According to no less an authority than Ramsey Campbell, T.M. Wright is “a one-man definition of the term ‘quiet horror”. He has built this reputation on the success of 22 novels starting with, The Strange Seed in 1978. Since then he has written a string of successful novels, novellas and short stories including the award nominated Cold House. His talents don’t end at writing however as evidenced by his artwork which adorns the likes of Blue Canoe and Sleepeasy. It’s a huge pleasure and honour to welcome T.M.Wright to The Black abyss.
1 – Which book has been most influential in your career?
Something Happened by Joseph Heller, a story about a man losing control; I especially liked the way it used (nearly over-used) parenthetical statements. It’s a powerful book that has stuck with me for decades. The ending hits hard. And I’d like also to mention The Beans of Egypt, Maine by Carolyn Chute, a book that makes excellent use of changing first person character.
2 – Which writer has most influenced your style?
I could say Shirley Jackson but, in truth, it was no writer in particular – probably a bit of Ray Bradbury, Kurt Vonnegut, Stephen King, H. G. Wells, C. S. Lewis, William Butler Yeats and a few others.
3 – What’s the future for the horror genre?
I don’t know. I like to think it’s a big tent genre and that “horror” readers like many kinds of horror, from quiet to loud, and I’d like to think that it encompasses horror “literature” as well as just-for-fun horror (define as you see fit). I tend toward the quiet stuff.
4 – Which book do you wish you had written?
The Stranger by Albert Camus. Penetrating and swift. I read it many times when I was much younger.
5 – What writing equipment could you not live without?
My fingers. My eyes and imagination and sense of humor. Being without a computer would be difficult, but I’d gladly give it up for a good, solid typewriter like a Remington Noiseless.
6 – Do you plan in detail before starting a new piece of writing?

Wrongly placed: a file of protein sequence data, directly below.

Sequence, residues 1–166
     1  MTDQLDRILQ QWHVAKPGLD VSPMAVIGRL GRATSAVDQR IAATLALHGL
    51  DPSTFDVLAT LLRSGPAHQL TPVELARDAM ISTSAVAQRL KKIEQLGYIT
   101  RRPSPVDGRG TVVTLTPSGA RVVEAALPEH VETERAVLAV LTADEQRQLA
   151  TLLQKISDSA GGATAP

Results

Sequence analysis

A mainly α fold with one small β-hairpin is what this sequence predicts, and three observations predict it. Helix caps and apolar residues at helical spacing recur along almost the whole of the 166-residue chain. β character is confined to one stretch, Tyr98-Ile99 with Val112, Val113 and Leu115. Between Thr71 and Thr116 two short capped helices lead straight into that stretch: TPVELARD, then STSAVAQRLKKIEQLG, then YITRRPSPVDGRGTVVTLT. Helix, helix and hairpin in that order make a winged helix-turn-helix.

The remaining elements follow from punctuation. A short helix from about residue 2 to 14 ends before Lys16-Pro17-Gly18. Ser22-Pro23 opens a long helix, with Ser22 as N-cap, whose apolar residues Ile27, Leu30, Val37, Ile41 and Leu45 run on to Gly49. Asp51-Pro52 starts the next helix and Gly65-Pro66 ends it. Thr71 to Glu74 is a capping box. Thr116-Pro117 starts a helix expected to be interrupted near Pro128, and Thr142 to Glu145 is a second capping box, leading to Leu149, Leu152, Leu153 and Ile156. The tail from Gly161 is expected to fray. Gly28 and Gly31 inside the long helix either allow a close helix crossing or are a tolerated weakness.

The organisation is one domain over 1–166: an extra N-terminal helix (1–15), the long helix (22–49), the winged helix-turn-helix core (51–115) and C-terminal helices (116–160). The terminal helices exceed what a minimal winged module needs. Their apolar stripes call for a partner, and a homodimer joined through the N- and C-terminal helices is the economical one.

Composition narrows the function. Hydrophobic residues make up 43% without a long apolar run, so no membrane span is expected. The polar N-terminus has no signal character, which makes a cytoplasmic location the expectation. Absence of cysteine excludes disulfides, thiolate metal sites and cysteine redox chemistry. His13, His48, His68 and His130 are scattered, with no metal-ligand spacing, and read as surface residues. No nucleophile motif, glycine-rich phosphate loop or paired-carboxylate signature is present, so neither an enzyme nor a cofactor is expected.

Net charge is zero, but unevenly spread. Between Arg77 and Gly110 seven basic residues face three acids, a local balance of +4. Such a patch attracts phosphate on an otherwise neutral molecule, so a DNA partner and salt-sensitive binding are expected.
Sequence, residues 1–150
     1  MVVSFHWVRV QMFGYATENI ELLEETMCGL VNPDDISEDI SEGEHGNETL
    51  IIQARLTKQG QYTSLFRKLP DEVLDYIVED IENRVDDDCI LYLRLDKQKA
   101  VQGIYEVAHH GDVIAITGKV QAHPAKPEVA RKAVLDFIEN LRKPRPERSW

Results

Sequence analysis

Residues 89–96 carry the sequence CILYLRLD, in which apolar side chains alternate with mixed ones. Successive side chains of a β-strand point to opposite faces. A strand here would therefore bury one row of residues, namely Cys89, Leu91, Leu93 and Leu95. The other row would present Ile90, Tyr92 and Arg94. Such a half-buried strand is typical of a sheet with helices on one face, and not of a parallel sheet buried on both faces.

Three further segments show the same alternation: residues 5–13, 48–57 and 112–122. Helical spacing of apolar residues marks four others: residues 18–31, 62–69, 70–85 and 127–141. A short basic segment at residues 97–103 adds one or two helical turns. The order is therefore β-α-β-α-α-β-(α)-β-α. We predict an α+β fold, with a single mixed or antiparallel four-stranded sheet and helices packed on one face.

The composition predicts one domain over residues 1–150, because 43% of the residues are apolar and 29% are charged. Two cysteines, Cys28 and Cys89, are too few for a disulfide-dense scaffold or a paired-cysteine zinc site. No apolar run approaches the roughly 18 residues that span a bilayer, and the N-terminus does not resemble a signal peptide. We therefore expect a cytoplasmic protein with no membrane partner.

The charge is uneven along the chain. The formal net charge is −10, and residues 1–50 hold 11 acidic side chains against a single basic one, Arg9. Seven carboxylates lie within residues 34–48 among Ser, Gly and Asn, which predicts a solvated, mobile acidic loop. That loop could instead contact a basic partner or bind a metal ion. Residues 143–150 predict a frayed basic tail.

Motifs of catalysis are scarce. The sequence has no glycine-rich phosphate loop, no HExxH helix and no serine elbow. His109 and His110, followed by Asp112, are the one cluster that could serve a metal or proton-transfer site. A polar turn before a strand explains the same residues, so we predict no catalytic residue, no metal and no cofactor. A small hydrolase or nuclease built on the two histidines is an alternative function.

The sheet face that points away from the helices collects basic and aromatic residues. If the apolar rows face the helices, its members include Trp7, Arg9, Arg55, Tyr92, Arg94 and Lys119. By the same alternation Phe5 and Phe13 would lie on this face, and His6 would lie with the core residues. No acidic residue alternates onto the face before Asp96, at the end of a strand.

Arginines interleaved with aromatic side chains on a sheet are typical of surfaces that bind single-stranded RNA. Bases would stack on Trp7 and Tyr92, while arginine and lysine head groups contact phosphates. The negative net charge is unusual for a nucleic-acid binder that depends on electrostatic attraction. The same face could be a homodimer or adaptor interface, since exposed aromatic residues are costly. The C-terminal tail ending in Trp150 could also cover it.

I wish I had the patience to plan in detail. I don’t. I sit down and start writing and whatever gets written in the first draft is what I work with. The only book I planned in detail before writing was the Intelligent Man’s Guide to Flying Saucers. My first book published in 1968.
7 – Ebooks or Paper Books?
Paper books, for me. I can certainly see the reason so many people are taken with Ebooks, but paper books sitting on library shelves are one of the reasons I became a writer in the first place.
8 – Horror, Weird Fiction or Dark Fiction?
Dark fiction: it most closely describes what I write. Weird fiction … almost. Horror? Probably not descriptive of what I write. Or perhaps they all describe what I write – “weird, dark, horror fiction” might describe my novels after all. It all depends on readers’ definitions.
9 – Who should I read next?
Anything by Greg Gifune. He’s a master of dark fiction at its literary best. And anything by Tom Piccirilli, whose hard-bitten, beautifully written books, which encompass everything from poetry to horror to detective fiction, are in a class all their own.
10 – What was your last book and what is your next book?
In re-release from Uninvited Books, Little Boy Lost, first published in 1992 by TOR. At the moment, I’m working, slowly, on a novella. A ghost story! One of many!